Sunday, March 31, 2013

Old Man Winter Holding Tight

Yesterday a friend and I got out to do some fishing. We had this plan in the works since the new year. Originally we were going to drive to Orvis to pick up his new Helios 2 rod and reel and fish on the way back. He chose to order his rod and reel package and we were just going to fish all day.

We decided to meet at the Chesterfield Gorge parking area at 6:30 am. I packed my car the night before so I could just roll out of bed and into my car, that’s pretty much what happened. I was on the road at 5:00 am because I wanted to stop to get some food and I needed gas. The drive took both of us just over an hour. Once I got off the Northampton exit and drove farther north through the hill towns I noticed a substantial drop in temperature. The weather in the lower valley was in the 50s for a week, I misjudge the weather in the hill towns tremendously. I didn’t bring a jacket because of the warms temps so I had to make due with an orange fleece from Cabela’s that was in my car. What a terrible color choice of clothing to fish with, the fish can see you from a mile away. One always wants to wear drab or bland colors. I did have a wool sweater underneath, which is what I planned to wear. When we pulled into the parking lot we noticed a foot of snow and a 22 degree morning waiting for us. We suited up and walked down the ice covered trail. There is 9 miles from the Chesterfield Gorge parking lot to the Knightville Dam, all of which is a catch and release area of the East Branch of the Westfield River.

The water was gin clear and we decided to walk a couple miles to the entrance of the Gilbert Bliss State Forest gate and fish upstream. When we broke off the trail and came upon the water it was a glorious site. Something about a flowing river makes everything in the world stop. So many sights, sounds, and smells to take in it overwhelms the senses. I chose to walk down 100’ or so from Sean and fish a deep pool between two rocks that drew my attention. I waded out on the rock and fished behind a large rock and in the deep pool. I didn’t see a fish spook and I didn’t get any hits. I walked back up to Sean and we started to fish upstream. We fished every nook and cranny of those few miles and didn’t see or catch a fish.

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Once we got to the gorge we decided to walk down much farther and fish back upstream. We walked another 6 miles down and fished upstream until an access point. We saw lots of great fishable water without a fin in sight. There was 1 particular area of fast water that looked great to me. In the summer it might be a fantastic spot, in the winter not so much. I attacked the pool with the stealth of a mountain lion.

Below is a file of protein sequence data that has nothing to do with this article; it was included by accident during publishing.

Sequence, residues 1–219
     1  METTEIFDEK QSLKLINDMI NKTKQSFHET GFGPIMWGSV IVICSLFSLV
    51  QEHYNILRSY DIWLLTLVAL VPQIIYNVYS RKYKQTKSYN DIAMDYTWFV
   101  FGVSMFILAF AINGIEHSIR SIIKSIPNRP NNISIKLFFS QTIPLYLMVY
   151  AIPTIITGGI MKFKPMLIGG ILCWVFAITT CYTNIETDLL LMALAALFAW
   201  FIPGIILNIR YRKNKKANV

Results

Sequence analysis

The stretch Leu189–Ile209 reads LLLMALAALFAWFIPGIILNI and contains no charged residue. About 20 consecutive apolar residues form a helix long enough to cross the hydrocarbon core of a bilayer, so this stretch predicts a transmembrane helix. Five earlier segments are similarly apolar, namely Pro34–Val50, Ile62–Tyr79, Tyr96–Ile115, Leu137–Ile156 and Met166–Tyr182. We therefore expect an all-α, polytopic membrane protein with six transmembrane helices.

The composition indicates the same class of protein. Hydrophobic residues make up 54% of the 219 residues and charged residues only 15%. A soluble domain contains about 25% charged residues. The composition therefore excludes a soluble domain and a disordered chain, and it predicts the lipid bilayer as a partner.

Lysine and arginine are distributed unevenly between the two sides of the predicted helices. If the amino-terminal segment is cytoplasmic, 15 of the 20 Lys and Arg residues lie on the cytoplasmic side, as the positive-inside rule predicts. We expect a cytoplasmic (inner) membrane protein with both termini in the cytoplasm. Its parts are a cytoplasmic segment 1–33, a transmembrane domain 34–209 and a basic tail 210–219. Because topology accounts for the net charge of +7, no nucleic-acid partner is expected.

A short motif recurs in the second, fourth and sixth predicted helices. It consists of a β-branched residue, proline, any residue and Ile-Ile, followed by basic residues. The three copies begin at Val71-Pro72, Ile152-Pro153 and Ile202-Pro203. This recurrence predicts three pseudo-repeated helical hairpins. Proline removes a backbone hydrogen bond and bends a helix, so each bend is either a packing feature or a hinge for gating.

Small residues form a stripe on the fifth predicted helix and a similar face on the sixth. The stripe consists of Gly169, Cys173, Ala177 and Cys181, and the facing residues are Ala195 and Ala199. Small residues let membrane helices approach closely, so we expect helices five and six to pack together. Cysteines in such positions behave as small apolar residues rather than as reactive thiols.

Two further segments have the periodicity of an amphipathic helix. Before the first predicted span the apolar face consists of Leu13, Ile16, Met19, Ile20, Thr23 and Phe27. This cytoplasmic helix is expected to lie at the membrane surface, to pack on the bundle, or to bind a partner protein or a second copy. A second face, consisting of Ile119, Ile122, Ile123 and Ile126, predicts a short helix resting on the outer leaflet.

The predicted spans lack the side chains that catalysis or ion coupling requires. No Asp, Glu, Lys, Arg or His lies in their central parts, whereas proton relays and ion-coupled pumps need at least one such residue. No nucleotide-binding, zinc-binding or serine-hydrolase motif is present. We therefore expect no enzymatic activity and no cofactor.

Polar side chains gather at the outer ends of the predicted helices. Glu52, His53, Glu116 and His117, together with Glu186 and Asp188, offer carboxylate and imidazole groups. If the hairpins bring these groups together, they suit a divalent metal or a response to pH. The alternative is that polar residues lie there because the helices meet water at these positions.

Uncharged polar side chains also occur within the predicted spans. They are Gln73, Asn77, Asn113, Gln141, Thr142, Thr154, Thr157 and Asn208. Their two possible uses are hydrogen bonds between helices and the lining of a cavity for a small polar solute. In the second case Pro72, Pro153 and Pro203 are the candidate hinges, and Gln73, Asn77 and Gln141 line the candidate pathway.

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At that point and time the sun really came out and the temps picked up. I’d say it was around 40, so off came the top layer. I moved upriver to the head of that fast water to see if I could entice a trout of some sort, but could not. I thought if there was a trout in that pool the fast water would make them have to react fast instead of inspecting my fly and catching any improper presentation. Yes these are the things that run through my head while trying to catch fish.

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After walking and hiking through the snow for 15 miles we didn’t find any evidence of fish. At that point we talked about our options to stay or fish another river. Since we both took it personal we decided to walk farther downstream. That didn’t help the fish catching situation though. We still saw zero fish and caught zero fish. To me the option of catching a fish was over and it turned into casting practice. I tried different methods and practiced my aiming. A few more miles down I collapsed the rod as we tried to maneuver up and over massive snow banks.

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The snowbanks on the side of the river we were on were 6’ tall. I am a little over 6’ and I was a little taller than them. Across the river they were in the 7’ range. Sean waded across to fish the other side, poor guy couldn’t accept defeat, and it was a foot or so taller than him.

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When it was all said and done we had walked and waded 20 miles. In those short 20 miles we saw zero fish and caught zero fish. We saw hundreds of stoneflies, but no fish. We didn’t even spook a fish. On the plus side those 20 miles were a great break-in period for my new LL Bean Grey Ghost wading boots.

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